What COVID-19 Really Means or How the Virus Got Its Name

The recently appeared Coronavirus is responsible for the global pandemic of COVID-19. The WHO gave it a name back in February. COVID-19 is short for “The Illness of Corona Virus 2019”. The reason is that the first case of this uncharacteristic pneumonia was reported on the 31. December 2019 in Wuhan, China. However, there are some doubts that this virus was around even before the start of this pandemic.

At the same time, WHO published the official name of the virus SARS-CoV-2. It was named like that since this virus is a genetic cousin of SARS-CoV who was responsible for the pandemic back in 2003. Yet, that virus was remembered only as a SARS, which is short for Severe Acute Respiratory Syndrome.

How WHO Gives a Name to the Illness?

WHO has three rules when it comes to giving a name to a new illness or virus. Now we are going to present them to you:

  • They need to be short and easily spoken
  • Can present a combination of a descriptive word (like respiratory) and with the condition (like progressive)
  • It’s preferred to have everyday language instead of technical
  • If the pathogen who causes the illness is known, it needs to be included in the name

Naturally, there are rules of what should not be included:

  • Words that cause fear (like fatal)
  • Countries of geographical terms
  • Animals or items
  • Human names
  • Terms connected to certain industries or jobs

These rules are not strictly followed sometimes. Therefore, we have terms like Bird Flu (Avian Influenza), Spanish Flu, MRSA infection, Legionella Pneumophila, etc.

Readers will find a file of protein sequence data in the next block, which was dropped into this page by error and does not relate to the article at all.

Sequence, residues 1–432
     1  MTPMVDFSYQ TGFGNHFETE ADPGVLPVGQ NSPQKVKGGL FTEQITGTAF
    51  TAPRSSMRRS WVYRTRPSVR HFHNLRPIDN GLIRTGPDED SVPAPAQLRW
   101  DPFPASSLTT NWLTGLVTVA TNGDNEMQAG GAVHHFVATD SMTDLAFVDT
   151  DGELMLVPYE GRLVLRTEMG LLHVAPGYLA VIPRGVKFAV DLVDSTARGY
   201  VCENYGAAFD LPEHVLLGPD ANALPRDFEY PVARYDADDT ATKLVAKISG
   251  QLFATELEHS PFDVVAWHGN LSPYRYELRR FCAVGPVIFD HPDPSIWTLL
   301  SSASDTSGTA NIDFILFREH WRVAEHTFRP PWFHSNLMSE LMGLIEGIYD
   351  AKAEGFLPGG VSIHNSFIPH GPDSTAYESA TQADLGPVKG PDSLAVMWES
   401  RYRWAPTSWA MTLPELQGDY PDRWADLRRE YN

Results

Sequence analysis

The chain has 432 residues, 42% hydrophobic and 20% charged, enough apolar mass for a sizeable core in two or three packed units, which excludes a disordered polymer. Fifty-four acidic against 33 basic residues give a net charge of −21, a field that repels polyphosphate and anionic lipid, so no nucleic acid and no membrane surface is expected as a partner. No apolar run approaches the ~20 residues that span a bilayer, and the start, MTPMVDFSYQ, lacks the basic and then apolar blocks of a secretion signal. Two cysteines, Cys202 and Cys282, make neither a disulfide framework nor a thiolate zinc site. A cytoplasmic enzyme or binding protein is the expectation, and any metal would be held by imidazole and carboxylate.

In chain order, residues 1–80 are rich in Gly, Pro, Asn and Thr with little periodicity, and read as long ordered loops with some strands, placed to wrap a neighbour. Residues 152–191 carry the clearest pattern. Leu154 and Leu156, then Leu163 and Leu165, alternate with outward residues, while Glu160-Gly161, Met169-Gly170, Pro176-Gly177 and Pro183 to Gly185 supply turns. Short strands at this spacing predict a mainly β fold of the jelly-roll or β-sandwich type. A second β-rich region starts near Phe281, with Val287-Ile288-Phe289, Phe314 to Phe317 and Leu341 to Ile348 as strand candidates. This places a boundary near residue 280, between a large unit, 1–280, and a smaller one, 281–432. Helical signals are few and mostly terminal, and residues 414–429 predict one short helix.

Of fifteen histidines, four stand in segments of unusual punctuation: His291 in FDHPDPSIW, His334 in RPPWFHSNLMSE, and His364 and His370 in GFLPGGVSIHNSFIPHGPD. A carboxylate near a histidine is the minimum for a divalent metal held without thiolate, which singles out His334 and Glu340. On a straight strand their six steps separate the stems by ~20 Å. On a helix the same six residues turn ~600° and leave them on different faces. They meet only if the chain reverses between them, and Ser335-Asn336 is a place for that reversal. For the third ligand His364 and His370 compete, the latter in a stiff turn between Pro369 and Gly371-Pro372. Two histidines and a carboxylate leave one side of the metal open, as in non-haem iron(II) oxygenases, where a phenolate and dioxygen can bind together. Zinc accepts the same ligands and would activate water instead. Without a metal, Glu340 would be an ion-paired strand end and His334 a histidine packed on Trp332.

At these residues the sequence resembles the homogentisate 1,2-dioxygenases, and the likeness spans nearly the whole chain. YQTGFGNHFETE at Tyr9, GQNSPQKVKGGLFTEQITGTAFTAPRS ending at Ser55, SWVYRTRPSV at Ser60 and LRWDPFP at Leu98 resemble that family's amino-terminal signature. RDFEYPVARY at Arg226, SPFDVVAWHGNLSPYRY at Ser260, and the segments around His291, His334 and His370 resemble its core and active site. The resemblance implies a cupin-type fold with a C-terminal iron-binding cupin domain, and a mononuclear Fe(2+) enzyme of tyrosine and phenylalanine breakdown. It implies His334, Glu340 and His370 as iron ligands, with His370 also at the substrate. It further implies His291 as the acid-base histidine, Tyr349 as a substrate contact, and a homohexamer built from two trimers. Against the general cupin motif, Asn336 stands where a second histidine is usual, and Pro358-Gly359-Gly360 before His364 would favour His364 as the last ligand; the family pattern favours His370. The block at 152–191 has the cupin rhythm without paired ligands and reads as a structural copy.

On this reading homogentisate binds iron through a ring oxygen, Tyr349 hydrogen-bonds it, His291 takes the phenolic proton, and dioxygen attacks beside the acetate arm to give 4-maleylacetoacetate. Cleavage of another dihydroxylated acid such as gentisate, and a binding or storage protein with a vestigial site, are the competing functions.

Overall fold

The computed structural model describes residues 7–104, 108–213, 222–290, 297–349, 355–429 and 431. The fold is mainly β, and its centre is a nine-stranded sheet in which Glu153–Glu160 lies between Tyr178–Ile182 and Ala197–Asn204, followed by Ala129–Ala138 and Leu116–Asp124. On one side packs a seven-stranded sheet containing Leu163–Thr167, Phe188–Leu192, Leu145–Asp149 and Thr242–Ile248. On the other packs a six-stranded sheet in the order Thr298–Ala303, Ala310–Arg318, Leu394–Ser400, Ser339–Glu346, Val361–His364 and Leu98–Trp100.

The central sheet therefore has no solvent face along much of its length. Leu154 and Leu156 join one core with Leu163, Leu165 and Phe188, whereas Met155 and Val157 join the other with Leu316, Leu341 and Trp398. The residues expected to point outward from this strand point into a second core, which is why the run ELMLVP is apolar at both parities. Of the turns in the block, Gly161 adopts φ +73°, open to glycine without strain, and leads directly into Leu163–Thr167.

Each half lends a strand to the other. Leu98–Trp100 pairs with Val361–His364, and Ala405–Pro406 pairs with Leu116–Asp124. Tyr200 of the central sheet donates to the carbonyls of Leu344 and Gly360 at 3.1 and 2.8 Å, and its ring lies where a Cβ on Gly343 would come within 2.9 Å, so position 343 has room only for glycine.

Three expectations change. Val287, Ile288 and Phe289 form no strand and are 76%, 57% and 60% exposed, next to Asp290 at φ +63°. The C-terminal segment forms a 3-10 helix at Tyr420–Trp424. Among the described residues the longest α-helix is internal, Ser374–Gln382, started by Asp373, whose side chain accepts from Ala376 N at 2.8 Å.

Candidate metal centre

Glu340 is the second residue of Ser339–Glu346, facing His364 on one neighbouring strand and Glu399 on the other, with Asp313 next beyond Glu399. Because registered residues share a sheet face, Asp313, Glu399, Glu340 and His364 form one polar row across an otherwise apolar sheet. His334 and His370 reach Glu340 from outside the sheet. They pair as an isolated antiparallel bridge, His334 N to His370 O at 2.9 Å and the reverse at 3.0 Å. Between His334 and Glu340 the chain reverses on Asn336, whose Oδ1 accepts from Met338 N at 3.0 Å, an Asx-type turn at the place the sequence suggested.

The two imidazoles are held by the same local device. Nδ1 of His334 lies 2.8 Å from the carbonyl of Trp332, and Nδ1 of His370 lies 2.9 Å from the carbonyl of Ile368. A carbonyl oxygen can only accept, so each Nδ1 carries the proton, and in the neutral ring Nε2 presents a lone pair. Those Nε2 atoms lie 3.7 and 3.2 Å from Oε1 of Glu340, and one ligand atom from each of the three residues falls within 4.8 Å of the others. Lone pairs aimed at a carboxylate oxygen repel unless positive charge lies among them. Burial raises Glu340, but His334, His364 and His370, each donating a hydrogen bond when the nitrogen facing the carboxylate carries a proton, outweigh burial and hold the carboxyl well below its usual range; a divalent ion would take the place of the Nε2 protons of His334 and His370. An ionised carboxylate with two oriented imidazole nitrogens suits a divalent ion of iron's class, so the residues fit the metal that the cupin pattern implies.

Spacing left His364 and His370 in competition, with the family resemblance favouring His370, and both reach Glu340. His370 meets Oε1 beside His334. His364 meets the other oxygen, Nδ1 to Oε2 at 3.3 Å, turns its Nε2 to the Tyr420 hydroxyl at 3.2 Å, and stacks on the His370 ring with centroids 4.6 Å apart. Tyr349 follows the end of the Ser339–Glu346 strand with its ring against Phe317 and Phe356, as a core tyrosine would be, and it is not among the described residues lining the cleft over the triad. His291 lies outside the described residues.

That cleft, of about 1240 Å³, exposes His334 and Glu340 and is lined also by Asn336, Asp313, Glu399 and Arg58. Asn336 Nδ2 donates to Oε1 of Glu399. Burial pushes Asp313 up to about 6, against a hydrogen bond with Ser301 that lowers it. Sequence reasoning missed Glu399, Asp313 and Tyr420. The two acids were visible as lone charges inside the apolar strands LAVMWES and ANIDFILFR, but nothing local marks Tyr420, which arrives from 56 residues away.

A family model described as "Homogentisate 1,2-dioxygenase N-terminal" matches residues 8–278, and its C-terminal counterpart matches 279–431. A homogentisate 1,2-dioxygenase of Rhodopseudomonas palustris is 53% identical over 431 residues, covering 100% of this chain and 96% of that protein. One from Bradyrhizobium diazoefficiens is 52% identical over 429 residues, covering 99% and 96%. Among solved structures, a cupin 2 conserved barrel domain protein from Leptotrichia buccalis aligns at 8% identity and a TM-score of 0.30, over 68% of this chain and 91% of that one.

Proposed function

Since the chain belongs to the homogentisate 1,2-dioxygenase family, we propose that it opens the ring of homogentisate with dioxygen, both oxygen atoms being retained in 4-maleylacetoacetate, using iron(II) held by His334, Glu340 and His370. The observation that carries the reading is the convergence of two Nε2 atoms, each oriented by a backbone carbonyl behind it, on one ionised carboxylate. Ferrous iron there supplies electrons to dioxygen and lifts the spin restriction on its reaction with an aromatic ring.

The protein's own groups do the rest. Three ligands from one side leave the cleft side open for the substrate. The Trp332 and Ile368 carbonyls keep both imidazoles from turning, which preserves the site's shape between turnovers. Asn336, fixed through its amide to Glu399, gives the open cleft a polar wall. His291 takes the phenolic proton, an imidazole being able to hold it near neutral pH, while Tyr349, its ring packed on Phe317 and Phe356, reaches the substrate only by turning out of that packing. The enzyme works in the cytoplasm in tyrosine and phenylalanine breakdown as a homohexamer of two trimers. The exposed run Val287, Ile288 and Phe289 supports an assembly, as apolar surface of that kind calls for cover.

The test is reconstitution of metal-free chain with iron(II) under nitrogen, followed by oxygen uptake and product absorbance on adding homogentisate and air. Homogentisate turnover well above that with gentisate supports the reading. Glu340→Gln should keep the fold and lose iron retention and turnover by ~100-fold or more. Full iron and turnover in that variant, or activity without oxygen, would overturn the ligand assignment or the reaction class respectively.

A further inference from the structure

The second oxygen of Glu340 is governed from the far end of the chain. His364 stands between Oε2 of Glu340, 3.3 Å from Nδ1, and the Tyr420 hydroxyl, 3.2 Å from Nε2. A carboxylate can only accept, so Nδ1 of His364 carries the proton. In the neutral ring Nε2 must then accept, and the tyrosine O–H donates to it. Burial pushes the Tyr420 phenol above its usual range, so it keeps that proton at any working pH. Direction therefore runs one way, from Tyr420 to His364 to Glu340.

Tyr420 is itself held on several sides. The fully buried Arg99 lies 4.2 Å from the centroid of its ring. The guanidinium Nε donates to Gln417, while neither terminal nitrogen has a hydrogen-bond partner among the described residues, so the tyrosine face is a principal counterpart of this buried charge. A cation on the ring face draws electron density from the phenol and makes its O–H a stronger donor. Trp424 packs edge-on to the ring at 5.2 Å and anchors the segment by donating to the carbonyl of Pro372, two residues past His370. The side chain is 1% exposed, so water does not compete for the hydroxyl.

The Origin of Coronavirus – REVEALED

As the new coronavirus which causes the disease Covid-19 continues to infect the global population with the number of confirmed cases being over 350.000, there is also a lot of misinformation being spread around as well.

One theory was that the virus was made by scientists in Wuhan, and that it broke out causing a global pandemic. This is highly improbable.

Experts in the field of microbiology have observed the genetic template of the spikes from the surface of the new coronavirus, which the virus uses to attach to the external cell walls of its host and afterwards enter those cells. Scientists have examined the gene sequences responsible for the two key attributes of these spikes: their method of hooking to the host and entering the cell.

The analysis has shown that the part of the spike called “the hook” has developed to target the receptors from human cells called ACE2. The virus proved to be highly capable of hooking up to the human cells that the scientists have concluded the origin of the spike proteins in SARS-KoV-2 to be a result of natural selection, not genetical engineering.

Scientists have researched the connection between SARS-KoV and SARS-KoV-2. Through data gathering, we can see that the computer simulations of SARS-KoV-2 mutations show low capabilities of the virus connecting to the human cells. From there on we can conclude that the new coronavirus isn’t man-made. If a person decided to create a deadly virus, they wouldn’t choose one with such poor abilities to latch onto a host. However, nature proved to be smarter than the scientists, going against all odds and making the virus completely different than anything scientists could’ve made.

Another evidence that suggests SARS-KoV-2 wasn’t made in a lab is its molecular structure, which discerns from other known coronaviruses. It mostly resembles viruses found in bats and crustaceans, which were considered to be low-risk for humans due to their unexplored properties.

How did SARS-KoV-2 become a threat to humanity? There are a few theories. The first one is that we got it directly from an infected animal, as was the case with both SARS and MERS. In this case, the animal was probably either a bat or a crustacean. Another theory is that the virus mutated to its current pathogen structure after the virus was transferred to humans.